Premier Doug Ford is maintaining that Ontario teachers are being "fairly compensated" amid questions over continued calls for better protections against COVID-19 in schools as the province marked 132 new cases Thursday — it's eighth straight day in the triple digits.
"I think the world of our teachers," Ford said at a news conference Thursday, drawing a distinction between teachers themselves and their unions, which he has repeatedly dismissed as playing politics.
"I could not do what the teachers do. They're incredible," the premier said.
Ford was also asked if he would use legislation to prevent teachers who do not feel safe at their workplaces from refusing work.
"I just want to work with them ... this just isn't the time to argue or disagree," Ford said.
Federal, Ontario governments announce $147M for child care
Also Thursday, the federal and provincial governments announced a one-year $147 million bilateral agreement to invest in early learning and child care, which will be used to minimize the impacts of COVID-19.
"In particular, the province will help fund the operating costs of eligible licensed child-care providers and EarlyON centres," the governments said in a news release. The move will result in more child-care spaces and help to offset costs associated with the pandemic, said Ahmed Hussen, the minister of families, children and social development. During the news conference, Ontario Education Minister Stephen Lecce was asked about the fact that only about 60 per cent of child-care centres have so far reopened with the start of school just days away.
Lecce didn't provide specifics but argued the government has given "every incentive" for operators to reopen and that they will do so when it is safe.
WATCH | Lecce on Ontario's child care spaces:
Majority of new cases in Peel, Toronto, Ottawa
Of the 132 new cases recorded Thursday, Peel Region saw the highest number of newly confirmed infections, with 45 cases. Toronto and Ottawa reported 31 and 22 respectively, Health Minister Christine Elliott said in a series of tweets.
Aside from those three regions, the rest of the province's 34 public health units reported five or fewer cases. Of those 31 units, 18 confirmed no new cases at all.
Thursday's update brings Ontario's total number of confirmed COVID-19 cases to 42,686 since the outbreak began in late January.
During a news conference Thursday, Ontario's top doctor was asked about the relative increase in the proportion of cases without any identifiable epidemiological link — that is, where officials haven't identified the source of the infection.
Asked if that increase from 36 per cent of cases a few weeks ago to 43 per cent now means there is greater evidence of community spread, Dr. David Williams responded, "We're looking into that to understand why that is the case."
He also reiterated some of the recent outbreaks are tied to clusters of infections at workplaces and gatherings of large groups, which are happening against public health advice. Williams cited one case in Peel where a church went from seven cases to 17 cases "overnight."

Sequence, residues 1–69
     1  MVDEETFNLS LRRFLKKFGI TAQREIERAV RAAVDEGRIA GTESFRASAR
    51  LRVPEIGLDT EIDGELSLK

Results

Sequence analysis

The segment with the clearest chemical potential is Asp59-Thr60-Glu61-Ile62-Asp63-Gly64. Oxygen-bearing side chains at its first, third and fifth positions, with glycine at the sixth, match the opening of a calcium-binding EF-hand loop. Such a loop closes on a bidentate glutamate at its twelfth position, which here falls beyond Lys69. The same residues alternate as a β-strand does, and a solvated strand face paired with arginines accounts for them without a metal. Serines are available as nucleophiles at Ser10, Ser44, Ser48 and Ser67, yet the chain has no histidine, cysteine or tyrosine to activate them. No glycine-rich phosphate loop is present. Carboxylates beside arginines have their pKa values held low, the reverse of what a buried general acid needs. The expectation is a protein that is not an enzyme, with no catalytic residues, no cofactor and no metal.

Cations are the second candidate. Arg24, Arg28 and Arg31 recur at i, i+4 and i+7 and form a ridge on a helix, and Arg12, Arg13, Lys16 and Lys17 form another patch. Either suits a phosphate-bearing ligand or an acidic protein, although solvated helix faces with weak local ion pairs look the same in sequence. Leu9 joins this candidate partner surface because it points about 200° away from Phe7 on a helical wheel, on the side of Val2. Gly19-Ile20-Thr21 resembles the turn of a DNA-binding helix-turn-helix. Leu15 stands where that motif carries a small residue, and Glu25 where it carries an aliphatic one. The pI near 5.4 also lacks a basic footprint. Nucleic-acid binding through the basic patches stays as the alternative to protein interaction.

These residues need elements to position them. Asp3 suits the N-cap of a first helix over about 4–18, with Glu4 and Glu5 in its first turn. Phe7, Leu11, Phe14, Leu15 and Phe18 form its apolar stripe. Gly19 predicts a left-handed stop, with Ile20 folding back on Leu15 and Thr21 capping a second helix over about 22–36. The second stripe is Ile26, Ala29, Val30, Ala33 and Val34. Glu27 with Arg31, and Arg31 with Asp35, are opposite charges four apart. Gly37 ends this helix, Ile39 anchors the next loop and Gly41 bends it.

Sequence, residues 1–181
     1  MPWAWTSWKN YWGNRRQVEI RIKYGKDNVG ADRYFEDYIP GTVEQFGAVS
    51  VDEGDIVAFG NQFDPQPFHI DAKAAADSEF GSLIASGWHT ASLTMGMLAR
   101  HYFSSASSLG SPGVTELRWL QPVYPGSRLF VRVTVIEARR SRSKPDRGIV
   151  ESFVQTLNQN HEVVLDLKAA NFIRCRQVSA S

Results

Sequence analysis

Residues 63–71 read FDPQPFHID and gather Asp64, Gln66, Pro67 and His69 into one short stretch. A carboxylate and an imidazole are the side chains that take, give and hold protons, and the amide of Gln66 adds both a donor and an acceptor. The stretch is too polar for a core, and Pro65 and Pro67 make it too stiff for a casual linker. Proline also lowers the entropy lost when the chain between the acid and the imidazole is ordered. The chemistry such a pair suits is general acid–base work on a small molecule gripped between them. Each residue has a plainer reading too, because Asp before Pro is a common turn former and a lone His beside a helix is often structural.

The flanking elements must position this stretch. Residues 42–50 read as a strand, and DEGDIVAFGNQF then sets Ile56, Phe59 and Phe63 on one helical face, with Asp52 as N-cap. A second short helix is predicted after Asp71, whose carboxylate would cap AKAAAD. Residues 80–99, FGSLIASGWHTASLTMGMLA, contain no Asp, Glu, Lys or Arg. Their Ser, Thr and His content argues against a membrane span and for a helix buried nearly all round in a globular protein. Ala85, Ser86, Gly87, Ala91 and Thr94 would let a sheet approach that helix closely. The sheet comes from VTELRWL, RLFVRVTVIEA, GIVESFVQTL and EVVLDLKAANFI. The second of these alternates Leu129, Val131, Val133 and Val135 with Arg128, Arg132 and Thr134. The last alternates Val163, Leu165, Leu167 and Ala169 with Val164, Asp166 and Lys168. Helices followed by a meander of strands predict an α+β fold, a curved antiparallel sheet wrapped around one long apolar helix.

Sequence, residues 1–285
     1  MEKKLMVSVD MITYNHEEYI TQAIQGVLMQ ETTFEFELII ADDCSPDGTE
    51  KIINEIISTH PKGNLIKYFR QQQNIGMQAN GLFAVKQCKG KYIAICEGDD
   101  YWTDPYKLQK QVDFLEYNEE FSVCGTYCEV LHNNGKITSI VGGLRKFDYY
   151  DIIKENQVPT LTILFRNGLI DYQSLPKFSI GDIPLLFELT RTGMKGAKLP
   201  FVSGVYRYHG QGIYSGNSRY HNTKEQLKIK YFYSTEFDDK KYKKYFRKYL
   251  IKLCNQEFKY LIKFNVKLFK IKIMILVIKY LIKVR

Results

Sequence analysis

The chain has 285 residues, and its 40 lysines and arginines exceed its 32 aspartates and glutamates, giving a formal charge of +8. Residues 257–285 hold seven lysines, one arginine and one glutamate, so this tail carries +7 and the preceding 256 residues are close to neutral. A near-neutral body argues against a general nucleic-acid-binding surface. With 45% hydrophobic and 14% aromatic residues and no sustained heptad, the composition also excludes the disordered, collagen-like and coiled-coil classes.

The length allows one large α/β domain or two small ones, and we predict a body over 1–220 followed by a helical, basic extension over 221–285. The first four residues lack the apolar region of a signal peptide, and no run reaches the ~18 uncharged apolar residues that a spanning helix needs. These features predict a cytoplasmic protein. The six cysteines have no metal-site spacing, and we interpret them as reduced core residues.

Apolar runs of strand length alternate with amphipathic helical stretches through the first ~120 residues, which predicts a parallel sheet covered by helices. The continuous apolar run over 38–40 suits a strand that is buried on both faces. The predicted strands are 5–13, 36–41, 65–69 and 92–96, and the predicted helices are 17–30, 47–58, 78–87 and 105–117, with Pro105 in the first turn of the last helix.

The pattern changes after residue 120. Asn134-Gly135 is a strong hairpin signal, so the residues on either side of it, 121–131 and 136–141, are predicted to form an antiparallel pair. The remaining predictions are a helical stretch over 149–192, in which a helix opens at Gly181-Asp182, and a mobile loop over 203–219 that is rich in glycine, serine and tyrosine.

An additional 119 cases of the virus were reported as resolved on Thursday, bringing the total to 38,625. Currently, 90.4 per cent of the province's cases have been confirmed as resolved.
Ontario also marked its third day of no additional deaths from the infectious disease. The number of patients admitted to the hospital and on a ventilator remains the same as yesterday, with one fewer person in the ICU.
All of the figures in this story can be found in the Ministry of Health's daily update, which includes data up until 4 p.m. the previous day. The number of cases for any particular region on a given day may differ from what is reported by the local public health unit.
Meanwhile, the leaders of the two provinces hit hardest by COVID-19 are due to meet during a two-day summit next week to discuss how they can work together to rebuild their economies while preparing for a possible second wave of the novel coronavirus.
Ford will host Quebec Premier Francois Legault on Sept. 8 and 9 in Mississauga.
Ford says that as Canada's two largest provinces — and the "economic heart" of the country — it's important that Ontario and Quebec collaborate.
"While the path to economic recovery won't be easy, we don't have to go it alone," Ford said in a statement announcing the summit. "Our provinces must now work together at this critical juncture to help drive the country forward."
Legault noted that the provinces must also prepare for the spread of COVID-19 to pick back up in the fall and winter — cold and flu season.
"We have a lot to learn from each other and collaboration between our governments will remain critical as we strive to recover our economies safely while preparing ourselves for a potential second wave," he said in the statement.
Prominent cabinet members from both governments, including health, economy and finance ministers, will also take part in multiple meetings during the event.
G-class road tests resume
The Ontario government is resuming its G-class road test services after putting them on hold during the COVID-19 shutdown.
The province said in a news release that tests will be accompanied by "strict protocols" to prevent any further spread of the virus, but individuals will be able to access all classes of driver testing services at the DriveTest locations across Ontario.
They also announced DriveTest centres, which operate on a full-time basis, will be offering all of their services again without any restrictions that were previously imposed in the spring during the shutdown.
Individuals taking a test will be required to wear a face covering while staff will wear personal protective equipment in both the building and in vehicles.